Review "ODRADEK": It's about... 83 minutes.

The House Theatre of Chicago presents

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ODRADEK
At Chopin Theatre, 1543 W. Division Street
Inspired by the Franz Kafka short story "The Care of a Family Man"

Written by Brett Neveu
Directed by Dexter Bullard
Thursdays, Fridays, Saturdays at 8pm
Sundays at 7pm
Thru March 5th
Buy Tickets
Running Time:  Eighty-three minutes with no intermission

Reviewed by Katy Walsh

Hours after I saw ODRADEK, a friend asked me, "How was House?"  My quick response, "The set is magnificent.  The show is about... 83 minutes."  Those two things I'm certain of.  The rest ...I just don't know. The House Theatre of Chicago presents ODRADEKFranz Kafka wrote a short story that featured a thread- yarn, remnant type of monster.  Through the years, readers interpreted the Kafka creation as symbolizing capitalism, religion or even Kafka himself.  Playwright Brett Neveu houses the Kafka beast into contemporary times.  Neveu's tale starts with a boy walloping a guy in bed.  In the next scene, it's determined that the beaten-up guy is the dad.  The disturbed boy is under doctor's care and on medication.  As the father and doctor start a relationship, the boy bonds with Odradek, a newbie entity underneath the staircase.  The dust-bunnies-gone-wild being feeds off the boy and grows bigger.  The boy begins to have a strong physical reaction to his friendly scrap heap.  But here's where all the loose threads unravel for me.  What is really happening?  Is the entire story happening in the boy's head?  Is the dad and doc even dating?  Is the kid mutilating himself?  What purpose does the fabric organism even serve?  Is the kid becoming it?  Or is it always been the kid?  I just don't get this dark yarn!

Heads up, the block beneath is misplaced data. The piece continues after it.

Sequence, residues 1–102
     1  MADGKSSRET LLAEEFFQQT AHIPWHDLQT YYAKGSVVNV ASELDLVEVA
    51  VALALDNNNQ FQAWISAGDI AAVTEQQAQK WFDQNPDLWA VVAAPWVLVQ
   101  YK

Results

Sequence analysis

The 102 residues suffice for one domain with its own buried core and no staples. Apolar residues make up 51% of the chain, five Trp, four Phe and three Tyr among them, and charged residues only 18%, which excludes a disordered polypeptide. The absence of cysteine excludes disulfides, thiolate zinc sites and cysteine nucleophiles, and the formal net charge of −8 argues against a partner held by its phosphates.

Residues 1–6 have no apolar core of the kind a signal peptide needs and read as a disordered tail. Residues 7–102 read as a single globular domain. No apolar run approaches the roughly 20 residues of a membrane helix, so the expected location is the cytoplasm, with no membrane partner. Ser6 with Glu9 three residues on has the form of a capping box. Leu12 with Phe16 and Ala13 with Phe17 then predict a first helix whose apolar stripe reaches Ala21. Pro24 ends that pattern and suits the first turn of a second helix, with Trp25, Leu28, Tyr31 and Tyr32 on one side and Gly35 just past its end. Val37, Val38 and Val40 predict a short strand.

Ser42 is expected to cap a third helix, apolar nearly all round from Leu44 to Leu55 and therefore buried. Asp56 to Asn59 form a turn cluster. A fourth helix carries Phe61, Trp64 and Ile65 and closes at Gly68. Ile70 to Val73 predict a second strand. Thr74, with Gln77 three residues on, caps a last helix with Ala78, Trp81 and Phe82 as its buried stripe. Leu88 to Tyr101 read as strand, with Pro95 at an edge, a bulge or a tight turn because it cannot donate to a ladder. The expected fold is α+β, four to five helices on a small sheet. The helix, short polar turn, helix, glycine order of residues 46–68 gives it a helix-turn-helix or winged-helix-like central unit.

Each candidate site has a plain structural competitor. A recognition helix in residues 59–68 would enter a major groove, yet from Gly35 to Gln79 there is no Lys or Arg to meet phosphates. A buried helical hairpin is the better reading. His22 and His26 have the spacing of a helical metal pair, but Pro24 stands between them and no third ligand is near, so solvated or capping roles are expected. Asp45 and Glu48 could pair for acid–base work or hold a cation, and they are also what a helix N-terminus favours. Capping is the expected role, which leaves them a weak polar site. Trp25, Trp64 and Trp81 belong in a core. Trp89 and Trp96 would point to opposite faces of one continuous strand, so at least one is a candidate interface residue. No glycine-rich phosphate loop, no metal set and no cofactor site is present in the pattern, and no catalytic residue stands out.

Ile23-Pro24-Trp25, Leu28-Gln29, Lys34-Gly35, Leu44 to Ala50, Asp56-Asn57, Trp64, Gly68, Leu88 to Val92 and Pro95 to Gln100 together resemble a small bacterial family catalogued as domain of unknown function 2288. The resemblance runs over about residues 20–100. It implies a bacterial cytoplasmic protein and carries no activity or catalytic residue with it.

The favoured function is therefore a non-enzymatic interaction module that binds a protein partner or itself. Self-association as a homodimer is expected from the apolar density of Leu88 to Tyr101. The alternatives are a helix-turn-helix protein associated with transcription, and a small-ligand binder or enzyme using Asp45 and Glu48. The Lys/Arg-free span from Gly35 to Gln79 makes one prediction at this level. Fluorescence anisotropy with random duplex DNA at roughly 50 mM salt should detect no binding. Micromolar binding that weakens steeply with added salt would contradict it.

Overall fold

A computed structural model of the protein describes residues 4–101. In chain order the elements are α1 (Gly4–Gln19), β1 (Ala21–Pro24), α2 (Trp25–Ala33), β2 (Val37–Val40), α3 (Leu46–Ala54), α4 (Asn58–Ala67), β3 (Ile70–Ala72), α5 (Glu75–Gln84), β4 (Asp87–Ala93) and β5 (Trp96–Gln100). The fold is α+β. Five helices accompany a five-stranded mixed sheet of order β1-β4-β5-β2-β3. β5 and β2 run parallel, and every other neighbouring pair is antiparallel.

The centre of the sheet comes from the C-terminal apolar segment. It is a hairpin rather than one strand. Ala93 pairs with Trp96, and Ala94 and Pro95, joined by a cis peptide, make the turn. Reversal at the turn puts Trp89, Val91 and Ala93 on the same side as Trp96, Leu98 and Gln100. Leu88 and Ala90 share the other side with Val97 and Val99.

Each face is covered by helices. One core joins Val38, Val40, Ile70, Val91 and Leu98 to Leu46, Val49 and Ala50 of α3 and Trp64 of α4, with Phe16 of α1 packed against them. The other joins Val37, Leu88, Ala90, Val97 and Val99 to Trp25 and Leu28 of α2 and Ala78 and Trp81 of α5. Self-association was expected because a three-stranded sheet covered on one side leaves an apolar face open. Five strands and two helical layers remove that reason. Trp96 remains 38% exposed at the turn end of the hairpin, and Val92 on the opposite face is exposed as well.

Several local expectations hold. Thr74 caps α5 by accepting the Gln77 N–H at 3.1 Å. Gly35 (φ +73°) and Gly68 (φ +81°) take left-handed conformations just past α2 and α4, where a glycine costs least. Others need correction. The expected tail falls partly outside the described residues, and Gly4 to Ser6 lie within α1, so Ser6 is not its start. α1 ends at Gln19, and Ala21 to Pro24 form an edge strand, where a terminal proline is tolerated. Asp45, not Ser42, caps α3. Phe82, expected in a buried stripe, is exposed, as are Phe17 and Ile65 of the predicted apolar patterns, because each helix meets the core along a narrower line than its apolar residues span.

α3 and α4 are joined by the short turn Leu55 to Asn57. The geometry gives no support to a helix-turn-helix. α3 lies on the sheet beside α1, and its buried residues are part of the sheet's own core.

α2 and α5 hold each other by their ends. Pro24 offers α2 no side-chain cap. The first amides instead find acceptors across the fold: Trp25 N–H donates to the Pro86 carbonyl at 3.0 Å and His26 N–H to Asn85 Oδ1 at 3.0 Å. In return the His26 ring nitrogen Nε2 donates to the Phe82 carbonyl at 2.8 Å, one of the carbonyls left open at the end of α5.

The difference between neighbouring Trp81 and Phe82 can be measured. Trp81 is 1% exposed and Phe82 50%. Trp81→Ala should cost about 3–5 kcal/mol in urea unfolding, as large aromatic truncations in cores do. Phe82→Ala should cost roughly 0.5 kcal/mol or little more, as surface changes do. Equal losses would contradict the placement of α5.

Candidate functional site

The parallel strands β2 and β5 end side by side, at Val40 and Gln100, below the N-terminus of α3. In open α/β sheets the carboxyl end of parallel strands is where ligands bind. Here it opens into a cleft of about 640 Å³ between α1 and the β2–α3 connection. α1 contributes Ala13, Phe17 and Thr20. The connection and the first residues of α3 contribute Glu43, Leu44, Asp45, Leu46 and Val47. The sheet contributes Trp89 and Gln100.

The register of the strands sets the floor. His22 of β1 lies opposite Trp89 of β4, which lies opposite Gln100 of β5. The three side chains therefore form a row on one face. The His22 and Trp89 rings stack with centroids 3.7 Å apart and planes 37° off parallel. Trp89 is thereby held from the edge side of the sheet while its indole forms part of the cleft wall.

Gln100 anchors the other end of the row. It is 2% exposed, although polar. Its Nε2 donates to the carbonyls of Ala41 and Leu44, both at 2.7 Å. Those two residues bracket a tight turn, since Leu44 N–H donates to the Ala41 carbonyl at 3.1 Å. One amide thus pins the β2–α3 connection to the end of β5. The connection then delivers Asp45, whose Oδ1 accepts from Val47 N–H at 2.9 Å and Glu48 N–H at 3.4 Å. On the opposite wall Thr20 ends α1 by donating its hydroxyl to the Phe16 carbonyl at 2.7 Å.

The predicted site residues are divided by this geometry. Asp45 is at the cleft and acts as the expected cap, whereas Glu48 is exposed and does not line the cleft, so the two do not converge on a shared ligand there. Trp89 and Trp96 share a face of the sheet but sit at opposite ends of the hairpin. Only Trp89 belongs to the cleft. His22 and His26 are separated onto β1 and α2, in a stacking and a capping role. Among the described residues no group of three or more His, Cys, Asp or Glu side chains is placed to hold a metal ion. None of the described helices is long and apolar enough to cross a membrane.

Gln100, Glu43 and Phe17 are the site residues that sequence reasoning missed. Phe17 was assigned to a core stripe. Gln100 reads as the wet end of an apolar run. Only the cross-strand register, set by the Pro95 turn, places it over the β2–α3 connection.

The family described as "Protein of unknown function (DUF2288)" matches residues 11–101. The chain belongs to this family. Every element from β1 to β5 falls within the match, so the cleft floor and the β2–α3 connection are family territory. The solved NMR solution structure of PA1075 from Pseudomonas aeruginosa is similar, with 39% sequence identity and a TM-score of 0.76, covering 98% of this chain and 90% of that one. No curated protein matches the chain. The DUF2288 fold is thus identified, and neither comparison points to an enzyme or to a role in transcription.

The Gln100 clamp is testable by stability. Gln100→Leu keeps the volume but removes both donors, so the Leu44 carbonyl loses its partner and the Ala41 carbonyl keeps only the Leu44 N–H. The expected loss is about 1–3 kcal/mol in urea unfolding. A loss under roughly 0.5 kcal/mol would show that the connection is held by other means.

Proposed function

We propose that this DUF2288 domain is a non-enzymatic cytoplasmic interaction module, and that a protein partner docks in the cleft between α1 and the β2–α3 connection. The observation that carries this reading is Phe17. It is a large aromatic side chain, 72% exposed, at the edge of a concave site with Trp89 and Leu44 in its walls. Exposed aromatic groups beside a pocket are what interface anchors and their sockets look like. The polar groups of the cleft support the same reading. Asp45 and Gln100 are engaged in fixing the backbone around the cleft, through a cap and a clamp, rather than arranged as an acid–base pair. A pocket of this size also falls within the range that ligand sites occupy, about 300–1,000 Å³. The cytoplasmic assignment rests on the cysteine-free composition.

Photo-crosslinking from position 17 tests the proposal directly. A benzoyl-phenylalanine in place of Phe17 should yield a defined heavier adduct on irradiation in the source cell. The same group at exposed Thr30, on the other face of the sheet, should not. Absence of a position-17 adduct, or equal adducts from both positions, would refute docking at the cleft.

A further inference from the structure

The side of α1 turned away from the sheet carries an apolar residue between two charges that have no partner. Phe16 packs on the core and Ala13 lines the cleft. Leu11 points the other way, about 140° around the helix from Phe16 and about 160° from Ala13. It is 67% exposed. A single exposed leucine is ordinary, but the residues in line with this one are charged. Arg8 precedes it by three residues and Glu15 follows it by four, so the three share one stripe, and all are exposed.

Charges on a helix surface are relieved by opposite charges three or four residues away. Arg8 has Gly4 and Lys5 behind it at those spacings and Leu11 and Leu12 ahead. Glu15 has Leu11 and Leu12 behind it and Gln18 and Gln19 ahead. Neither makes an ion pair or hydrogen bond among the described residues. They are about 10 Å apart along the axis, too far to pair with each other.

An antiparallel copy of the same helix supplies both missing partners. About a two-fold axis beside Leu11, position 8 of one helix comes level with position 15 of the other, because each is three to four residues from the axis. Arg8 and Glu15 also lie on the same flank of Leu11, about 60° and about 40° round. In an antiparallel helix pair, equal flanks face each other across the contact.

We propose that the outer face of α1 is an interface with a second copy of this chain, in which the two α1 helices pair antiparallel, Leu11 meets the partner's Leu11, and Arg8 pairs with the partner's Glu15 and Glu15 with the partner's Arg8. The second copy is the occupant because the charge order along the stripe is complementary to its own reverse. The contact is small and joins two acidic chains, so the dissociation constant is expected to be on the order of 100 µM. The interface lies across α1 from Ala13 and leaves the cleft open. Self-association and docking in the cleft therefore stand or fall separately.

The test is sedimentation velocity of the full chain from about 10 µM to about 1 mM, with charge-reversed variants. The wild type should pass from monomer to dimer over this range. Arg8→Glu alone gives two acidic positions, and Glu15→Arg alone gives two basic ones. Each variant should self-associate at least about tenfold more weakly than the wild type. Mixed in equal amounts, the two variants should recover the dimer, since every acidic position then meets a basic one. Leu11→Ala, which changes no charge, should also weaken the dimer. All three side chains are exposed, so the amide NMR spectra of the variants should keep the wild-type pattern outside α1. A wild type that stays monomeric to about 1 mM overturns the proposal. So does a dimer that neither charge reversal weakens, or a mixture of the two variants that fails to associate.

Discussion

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Here's what I did get, Scenic designer Collette Pollard created a show piece, majestic grand staircase.  Theatre seats have been limited to make space for the oversize, flight of steps.  It's gasp-worthy.  Even though I don't understand ODRADEK, I do know why it chose THIS staircase as a nesting place. 

My lifeline for any intellectual contest, James describes it with, "what the huh?"

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